Drinking is a common social activity shared by men and women. But a recent study published in the U.K.’s BMC Medicine medical journal reveals that, in general, men drink significantly more than women.
For men, the typical number of drinks climbs rapidly during their teens and early twenties and peaks around age 25 with an average of 13 drinks per week. For women, alcohol consumption remains relatively constant throughout their teens and adult years, peaking at about four drinks per week during their early 40s.
The study also shows that non-drinkers are not common, especially among men. Approximately 10 percent of the men surveyed did not drink at all. That number rose to 20 percent for men over 90 years of age.
Younger drinkers in their teens and early 20s are more likely to drink just once or twice a week, despite the much higher volume of alcohol consumed. Binge drinking and other substance abuse problems are most common in people at this age.
Alcohol consumption tends to transition from weekend binging to drinking fewer drinks most days of the week as people reach middle age and older. This is especially true for men, who reportedly drink more often as they get older, but actually consume less alcohol each week due to less binge drinking.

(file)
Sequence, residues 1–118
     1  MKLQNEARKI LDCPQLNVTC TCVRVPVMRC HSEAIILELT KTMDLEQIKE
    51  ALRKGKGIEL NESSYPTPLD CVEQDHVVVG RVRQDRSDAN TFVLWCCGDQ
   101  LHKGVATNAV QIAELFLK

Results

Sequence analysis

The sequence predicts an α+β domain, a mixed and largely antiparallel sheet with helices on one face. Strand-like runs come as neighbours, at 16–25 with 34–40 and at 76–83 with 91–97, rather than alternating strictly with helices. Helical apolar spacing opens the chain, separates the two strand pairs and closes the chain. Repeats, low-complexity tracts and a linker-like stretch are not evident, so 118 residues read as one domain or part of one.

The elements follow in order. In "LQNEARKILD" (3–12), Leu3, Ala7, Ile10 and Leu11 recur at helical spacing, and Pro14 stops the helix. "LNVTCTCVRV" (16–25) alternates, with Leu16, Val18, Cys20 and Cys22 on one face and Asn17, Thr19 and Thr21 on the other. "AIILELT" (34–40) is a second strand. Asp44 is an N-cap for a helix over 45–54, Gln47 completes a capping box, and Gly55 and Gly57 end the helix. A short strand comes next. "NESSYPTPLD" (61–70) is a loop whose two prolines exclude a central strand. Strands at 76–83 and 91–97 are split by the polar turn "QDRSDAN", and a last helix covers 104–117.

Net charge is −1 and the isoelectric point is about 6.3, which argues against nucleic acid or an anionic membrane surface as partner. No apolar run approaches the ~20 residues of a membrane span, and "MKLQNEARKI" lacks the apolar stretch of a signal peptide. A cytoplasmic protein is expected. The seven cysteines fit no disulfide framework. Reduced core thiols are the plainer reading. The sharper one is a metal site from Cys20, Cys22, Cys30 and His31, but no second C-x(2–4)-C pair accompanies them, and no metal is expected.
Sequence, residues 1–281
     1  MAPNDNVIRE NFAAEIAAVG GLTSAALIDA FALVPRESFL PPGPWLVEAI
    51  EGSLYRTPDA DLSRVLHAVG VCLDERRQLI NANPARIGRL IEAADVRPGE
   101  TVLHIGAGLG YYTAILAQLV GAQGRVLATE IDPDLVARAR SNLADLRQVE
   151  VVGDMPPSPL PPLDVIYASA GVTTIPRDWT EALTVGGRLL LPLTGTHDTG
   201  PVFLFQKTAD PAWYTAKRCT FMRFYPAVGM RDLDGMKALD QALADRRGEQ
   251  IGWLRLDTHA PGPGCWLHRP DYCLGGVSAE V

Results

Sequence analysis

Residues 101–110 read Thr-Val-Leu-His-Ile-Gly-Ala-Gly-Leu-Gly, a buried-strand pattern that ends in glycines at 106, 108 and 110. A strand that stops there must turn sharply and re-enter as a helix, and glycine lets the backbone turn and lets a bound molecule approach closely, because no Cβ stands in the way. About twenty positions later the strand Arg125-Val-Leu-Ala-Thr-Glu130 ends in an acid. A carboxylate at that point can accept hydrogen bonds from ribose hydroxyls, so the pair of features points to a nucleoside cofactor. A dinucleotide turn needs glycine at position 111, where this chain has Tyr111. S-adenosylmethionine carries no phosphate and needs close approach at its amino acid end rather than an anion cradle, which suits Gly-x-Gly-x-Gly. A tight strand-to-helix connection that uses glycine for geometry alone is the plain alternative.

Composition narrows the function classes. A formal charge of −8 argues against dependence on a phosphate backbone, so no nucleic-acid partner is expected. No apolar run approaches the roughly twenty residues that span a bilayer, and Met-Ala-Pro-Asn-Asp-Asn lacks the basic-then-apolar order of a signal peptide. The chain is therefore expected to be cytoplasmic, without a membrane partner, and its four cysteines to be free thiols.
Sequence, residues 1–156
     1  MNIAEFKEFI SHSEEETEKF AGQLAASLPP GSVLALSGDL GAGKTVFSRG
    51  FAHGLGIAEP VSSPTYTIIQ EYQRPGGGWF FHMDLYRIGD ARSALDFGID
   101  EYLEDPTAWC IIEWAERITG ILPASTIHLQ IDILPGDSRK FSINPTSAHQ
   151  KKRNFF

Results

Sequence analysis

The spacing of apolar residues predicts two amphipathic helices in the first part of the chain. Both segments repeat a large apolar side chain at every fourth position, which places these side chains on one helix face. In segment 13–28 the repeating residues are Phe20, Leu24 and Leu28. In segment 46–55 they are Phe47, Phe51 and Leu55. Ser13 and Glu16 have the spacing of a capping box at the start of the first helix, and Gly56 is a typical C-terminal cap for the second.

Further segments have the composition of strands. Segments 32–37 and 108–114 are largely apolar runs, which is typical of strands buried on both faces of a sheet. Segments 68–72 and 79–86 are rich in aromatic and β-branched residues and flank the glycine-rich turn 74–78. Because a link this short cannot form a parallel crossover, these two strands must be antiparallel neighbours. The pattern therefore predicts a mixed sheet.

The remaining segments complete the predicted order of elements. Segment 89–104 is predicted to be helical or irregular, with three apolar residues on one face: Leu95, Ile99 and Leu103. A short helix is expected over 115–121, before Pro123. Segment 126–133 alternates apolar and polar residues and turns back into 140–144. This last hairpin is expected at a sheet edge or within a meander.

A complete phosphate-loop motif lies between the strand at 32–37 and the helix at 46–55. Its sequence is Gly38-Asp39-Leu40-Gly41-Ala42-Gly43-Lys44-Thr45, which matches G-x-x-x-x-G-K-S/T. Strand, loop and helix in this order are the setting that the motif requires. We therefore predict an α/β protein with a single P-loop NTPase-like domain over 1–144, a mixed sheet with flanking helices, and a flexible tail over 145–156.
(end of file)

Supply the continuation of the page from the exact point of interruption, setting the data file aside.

The study also found that women are more likely than men to drink only monthly, or for special occasions.
Another study from the University of Cincinnati showed that marriage also affects the drinking habits of both men and women. Overall, long-term marriage seems to decrease the amount of alcohol consumed by men, while increasing alcohol consumption by women.
UC researchers reported that married men reportedly drink less than their single, divorced or widowed counterparts. The researchers attributed the difference to the wives’ lower alcohol consumption. The study also showed that men are more likely to turn to drinking following a divorce.
Among women, those who are divorced or widowed reported drinking significantly less than women who are married.